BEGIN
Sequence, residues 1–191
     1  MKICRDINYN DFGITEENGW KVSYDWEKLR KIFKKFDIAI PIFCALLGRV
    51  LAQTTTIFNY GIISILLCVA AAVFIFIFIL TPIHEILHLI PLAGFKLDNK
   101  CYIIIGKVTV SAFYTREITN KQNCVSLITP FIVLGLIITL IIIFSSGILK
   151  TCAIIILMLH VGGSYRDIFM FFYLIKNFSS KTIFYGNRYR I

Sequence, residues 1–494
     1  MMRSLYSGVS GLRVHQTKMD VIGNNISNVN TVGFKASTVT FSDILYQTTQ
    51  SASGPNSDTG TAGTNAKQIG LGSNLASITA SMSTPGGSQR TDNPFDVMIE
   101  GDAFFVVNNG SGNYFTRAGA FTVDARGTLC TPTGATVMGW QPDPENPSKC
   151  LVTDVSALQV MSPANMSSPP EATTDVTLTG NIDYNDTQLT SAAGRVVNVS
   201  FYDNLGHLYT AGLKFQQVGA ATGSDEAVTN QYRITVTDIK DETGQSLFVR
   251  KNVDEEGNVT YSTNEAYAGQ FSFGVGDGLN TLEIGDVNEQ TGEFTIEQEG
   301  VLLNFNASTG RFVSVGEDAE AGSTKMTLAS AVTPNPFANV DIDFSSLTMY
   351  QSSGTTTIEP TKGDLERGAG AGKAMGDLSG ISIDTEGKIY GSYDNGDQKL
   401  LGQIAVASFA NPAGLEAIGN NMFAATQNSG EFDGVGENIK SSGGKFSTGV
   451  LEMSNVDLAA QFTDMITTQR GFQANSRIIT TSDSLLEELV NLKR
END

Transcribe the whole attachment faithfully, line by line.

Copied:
Sequence, residues 1–191
     1  MKICRDINYN DFGITEENGW KVSYDWEKLR KIFKKFDIAI PIFCALLGRV
    51  LAQTTTIFNY GIISILLCVA AAVFIFIFIL TPIHEILHLI PLAGFKLDNK
   101  CYIIIGKVTV SAFYTREITN KQNCVSLITP FIVLGLIITL IIIFSSGILK
   151  TCAIIILMLH VGGSYRDIFM FFYLIKNFSS KTIFYGNRYR I

Sequence, residues 1–494
     1  MMRSLYSGVS GLRVHQTKMD VIGNNISNVN TVGFKASTVT FSDILYQTTQ
    51  SASGPNSDTG TAGTNAKQIG LGSNLASITA SMSTPGGSQR TDNPFDVMIE
   101  GDAFFVVNNG SGNYFTRAGA FTVDARGTLC TPTGATVMGW QPDPENPSKC
   151  LVTDVSALQV MSPANMSSPP EATTDVTLTG NIDYNDTQLT SAAGRVVNVS
   201  FYDNLGHLYT AGLKFQQVGA ATGSDEAVTN QYRITVTDIK DETGQSLFVR
   251  KNVDEEGNVT YSTNEAYAGQ FSFGVGDGLN TLEIGDVNEQ TGEFTIEQEG
   301  VLLNFNASTG RFVSVGEDAE AGSTKMTLAS AVTPNPFANV DIDFSSLTMY
   351  QSSGTTTIEP TKGDLERGAG AGKAMGDLSG ISIDTEGKIY GSYDNGDQKL
   401  LGQIAVASFA NPAGLEAIGN NMFAATQNSG EFDGVGENIK SSGGKFSTGV
   451  LEMSNVDLAA QFTDMITTQR GFQANSRIIT TSDSLLEELV NLKR